Monday, September 24, 2012

LA FOLIE - Countdown to Foie-hibition...


It begins...
 
When it became increasingly apparent that the forces determined to outlaw the sale of the fantastically decadent "fatted liver of the goose," otherwise known as foie gras, were going to be successful, we made a series of reservations for as many meals as we could afford (and digest) in the months leading up to the fateful date: July 1, 2012.

The Upside:

The impending legislation did have some unanticipated benefits. Chefs were up in arms and madly preparing their best versions of this delicacy in countless special menus. There were dishes of seared foie, chilled torchons and country pat├ęs. The precious lobes had been grilled, seared, baked, frozen, flaked and liquified. These months we spent eating before the spectre of the long arm of the law and it’s restrictions on commerce, were a whirlwind of foie, in a cornucopia of flavors, textures and presentations.

The Downside:
Foie, truffles, and some other delicacy
(who notices after the foie?)

Months later, I find myself reminiscing about these meals, missing the spectacular and inventive preparations of this fatty delicacy, and wishing foie were more readily available. It’s hard to say how long the eagerly misinformed will continue to prevail. I know that while they have succeeded in shutting down one major California foie producer, (a small tragedy in this economy), they have not succeeded in turning anyone away from it who is so inclined. Foie will continue to be raised and to be eaten. While it may have to be purchased by the consumer before the Chef can prepare it, or given away by some establishments, it will not disappear. Prohibitions don’t work, they simply force people around the rules. That which comes from imposing one’s will on another without real purpose, always falls away in the end.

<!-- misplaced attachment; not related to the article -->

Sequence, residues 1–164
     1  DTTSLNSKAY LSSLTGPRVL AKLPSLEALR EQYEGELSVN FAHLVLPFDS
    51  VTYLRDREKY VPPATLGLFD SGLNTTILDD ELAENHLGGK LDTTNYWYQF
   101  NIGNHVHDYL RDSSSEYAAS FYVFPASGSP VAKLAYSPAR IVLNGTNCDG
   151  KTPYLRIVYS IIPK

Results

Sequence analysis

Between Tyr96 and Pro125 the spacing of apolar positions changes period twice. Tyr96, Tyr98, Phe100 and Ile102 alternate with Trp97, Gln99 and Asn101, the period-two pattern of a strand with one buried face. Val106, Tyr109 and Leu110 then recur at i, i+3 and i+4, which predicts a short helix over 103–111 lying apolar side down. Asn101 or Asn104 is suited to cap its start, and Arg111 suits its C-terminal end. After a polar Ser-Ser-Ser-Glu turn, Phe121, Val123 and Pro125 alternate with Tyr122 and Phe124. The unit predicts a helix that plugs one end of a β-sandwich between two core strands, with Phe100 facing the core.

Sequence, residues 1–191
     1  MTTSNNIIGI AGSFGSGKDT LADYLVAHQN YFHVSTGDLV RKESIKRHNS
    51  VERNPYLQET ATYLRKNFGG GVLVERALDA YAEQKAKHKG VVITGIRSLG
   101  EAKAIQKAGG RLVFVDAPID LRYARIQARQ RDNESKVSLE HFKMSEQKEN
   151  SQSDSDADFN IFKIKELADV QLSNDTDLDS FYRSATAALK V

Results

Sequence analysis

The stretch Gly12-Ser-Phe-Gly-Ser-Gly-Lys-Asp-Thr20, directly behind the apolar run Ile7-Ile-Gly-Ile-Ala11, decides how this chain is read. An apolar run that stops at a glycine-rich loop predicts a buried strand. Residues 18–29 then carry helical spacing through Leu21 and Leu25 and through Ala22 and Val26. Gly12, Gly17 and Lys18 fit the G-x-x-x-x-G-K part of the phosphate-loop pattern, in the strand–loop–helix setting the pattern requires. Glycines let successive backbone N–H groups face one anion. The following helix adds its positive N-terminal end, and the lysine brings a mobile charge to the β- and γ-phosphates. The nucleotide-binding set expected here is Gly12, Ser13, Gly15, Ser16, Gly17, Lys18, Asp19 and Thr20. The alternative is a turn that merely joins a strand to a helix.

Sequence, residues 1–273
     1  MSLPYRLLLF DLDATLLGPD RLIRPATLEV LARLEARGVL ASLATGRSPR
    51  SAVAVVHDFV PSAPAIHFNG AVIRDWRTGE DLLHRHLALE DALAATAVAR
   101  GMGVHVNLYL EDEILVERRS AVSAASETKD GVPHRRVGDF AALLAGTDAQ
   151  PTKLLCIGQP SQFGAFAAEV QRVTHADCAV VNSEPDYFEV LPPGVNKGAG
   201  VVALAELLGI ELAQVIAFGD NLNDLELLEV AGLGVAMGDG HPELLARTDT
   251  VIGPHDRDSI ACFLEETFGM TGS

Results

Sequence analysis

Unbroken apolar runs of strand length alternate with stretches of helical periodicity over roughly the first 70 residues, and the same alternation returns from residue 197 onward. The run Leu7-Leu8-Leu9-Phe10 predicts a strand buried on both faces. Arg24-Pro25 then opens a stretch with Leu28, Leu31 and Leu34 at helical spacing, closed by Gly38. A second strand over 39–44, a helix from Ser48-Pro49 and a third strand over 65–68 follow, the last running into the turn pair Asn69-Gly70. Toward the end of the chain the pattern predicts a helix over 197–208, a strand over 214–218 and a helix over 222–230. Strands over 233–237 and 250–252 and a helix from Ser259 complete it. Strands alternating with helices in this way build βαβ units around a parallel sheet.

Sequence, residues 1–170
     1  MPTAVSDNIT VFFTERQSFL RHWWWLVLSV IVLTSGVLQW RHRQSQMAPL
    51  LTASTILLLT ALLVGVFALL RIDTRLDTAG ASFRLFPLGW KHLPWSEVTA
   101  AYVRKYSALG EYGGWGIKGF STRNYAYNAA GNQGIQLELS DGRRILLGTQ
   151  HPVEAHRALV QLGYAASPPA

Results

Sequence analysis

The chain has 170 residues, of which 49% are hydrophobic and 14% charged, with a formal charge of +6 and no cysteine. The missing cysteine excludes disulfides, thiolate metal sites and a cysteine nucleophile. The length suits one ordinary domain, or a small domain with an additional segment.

The Meals:

Of our many excursions (or as one waiter called them Sa-FOIE-ris), the one at which we almost cried uncle was one of the early outings. When one is looking to experience a true French delicacy, one has to head to the French,, and Chef Roland Passot was accommodating. He was more than accommodating, he just about buried us in foie.


The piece de resistance
 We thought we were badasses. We were "ready" for what he had to offer up. The man who was flitting about his kitchen like a whirling dervish in the kitchen had nothing on us. We had appetites for foie that could never be sated. The waitress warned us. We laughed. "Ha ha, we thought, we can eat all the foie you can throw at us." And we began. Appetizers of foie gras. Mains of foie gras. Foie gras specialities. There were only three of us, and the fact was I have never seen such large servings of foie. It was like this man had decided to feed the world, not just our little table of three. We powered through the appetizers, sailed through the first and second courses of foie laden delights, but by the time we hit the giant lobes of seared foie in a sea of tart summer cherries, the best among us were beginning to slow down. 
Foie Sliders

The plates kept coming, and we kept eating, but it was slow-going toward the end of our meal. We’d been beaten into sleepy comas of bliss, having been served mounds of the most delectable dishes I’ve ever eaten. Forced to admit to our waitress that we’d maybe, just maybe, had eyes a tiny bit bigger than our stomachs. But only a bit.

 The portions were massive compared to other fine dining establishments, but I can’t say we were sorry. Looking back, I’m delighted Chef Passot indulged our cravings so thoroughly. With no immediate foie on my horizon, I can at least, remember that night of bliss.

Chef Passot skills are legendary for a reason. Check it out for yourself, make a lasting memory of your own.

La Folie
2316 Polk Street
San Francisco, CA 94109
1-415-776-5577
http://www.lafolie.com